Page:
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British opposition parties spoiling for a fight welcome May's snap election call

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By Robert Hackwill
British opposition parties spoiling for a fight welcome May's snap election call

Reactions from opposition party leaders in Britain to the snap election call have been unanimous; bring it on Mrs. May, we are ready for a fight.

The opinion polls might give the opposition no chance at the moment, but in two months time the numbers could look very different.

Labour leader Jeremy Corbyn, sat in second place but far behind the Tories, had this to say.

“I welcome the opportunity for us to put the case to the people of Britain, to stand up against this government and it’s failed economic agenda which has left our NHS in problems, which has left our schools underfunded, which left so many people uncertain. We want to put a case out there to the people of Britain, of a society that cares for all, an economy that cares for all, and a Brexit that works for all,” he said.

London voted to stay in the EU and the city’s mayor, Labour’s Sadiq Khan, is a fierce critic of his leader’s stance on Europe, and much else

Scottish First Minister Nicola Sturgeon deplored what she called the party political motives behind the snap vote.

“But it’s very clear that the prime minister’s announcement today is one all about the narrow interests of her own party, not the interests of the country overall. Clearly she sees the opportunity given the total disarray in the ranks of the Labour party to crush all opposition to her, to get rid of people who disagree with her,” she said.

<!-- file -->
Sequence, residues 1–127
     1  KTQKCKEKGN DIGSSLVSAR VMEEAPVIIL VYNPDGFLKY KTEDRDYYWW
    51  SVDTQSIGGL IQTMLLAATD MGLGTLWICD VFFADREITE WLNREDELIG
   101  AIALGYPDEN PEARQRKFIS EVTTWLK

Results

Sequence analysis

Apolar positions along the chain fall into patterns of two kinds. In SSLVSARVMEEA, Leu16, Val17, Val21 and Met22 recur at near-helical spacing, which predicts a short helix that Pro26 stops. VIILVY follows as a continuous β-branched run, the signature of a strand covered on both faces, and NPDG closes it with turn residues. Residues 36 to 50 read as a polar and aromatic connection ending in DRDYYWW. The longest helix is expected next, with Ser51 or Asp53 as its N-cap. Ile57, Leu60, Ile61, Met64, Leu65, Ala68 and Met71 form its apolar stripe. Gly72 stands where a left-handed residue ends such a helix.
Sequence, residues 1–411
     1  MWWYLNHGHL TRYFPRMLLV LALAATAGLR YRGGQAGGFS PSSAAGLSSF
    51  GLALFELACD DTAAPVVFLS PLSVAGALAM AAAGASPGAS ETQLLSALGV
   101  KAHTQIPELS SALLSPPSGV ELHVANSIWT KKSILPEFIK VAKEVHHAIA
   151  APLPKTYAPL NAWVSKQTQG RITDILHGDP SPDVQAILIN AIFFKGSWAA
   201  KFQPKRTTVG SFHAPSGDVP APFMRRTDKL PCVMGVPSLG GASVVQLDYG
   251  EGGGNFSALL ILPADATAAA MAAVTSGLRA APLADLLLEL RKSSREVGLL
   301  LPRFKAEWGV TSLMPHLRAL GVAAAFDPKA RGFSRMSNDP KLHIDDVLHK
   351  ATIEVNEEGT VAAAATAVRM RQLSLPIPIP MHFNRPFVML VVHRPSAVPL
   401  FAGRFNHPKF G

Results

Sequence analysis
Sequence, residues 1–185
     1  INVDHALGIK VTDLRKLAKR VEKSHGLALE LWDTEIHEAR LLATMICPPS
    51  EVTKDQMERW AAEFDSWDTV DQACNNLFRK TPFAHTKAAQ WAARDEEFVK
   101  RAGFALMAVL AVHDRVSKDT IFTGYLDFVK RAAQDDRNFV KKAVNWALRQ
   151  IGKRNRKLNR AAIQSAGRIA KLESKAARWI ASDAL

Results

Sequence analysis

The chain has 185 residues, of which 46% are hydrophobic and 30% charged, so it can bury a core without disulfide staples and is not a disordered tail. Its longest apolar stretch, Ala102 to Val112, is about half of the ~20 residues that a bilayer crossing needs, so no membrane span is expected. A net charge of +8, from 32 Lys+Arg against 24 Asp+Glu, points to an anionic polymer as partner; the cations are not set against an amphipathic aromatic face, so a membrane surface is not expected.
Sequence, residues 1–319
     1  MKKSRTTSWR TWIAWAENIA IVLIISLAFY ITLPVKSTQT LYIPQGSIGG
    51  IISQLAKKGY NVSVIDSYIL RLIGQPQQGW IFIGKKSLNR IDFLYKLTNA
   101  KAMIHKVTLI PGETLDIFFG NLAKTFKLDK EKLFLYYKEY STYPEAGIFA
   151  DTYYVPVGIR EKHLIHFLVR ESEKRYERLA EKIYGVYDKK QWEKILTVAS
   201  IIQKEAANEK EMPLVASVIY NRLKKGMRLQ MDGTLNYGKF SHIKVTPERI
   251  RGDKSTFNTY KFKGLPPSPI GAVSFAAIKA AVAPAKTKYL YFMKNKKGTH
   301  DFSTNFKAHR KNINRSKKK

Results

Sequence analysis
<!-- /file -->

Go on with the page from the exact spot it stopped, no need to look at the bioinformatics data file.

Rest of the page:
Sturgeon was quick to take Theresa May to task for her offices’ announcement she would be giving few press conferences and would not be doing face-to-face debates during the election. May has a well-publicised horror of such public events

The Liberal Democrats are the only pro-European English-based major party, and their leader also welcomed the chance for change.

“Well, it’s an opportunity for the people of this country to change the direction of this country, to decide they do not want a hard Brexit, they want to keep Britain in the single market, and indeed, it’s an opportunity for us to have a decent strong opposition in this country, that we desperately need”

Tim Barron’s Liberal Democrats are likely to pick up a huge number of votes but as in the past with Britain’s electoral system where the winner takes all in each seat, they will be wasted in scores of second-place near-misses

One notable reaction has been commentators’ noting May’s refusal seven times to consider an early vote after becoming the Conservatives’ leader, and wondering what it has taken to change her mind.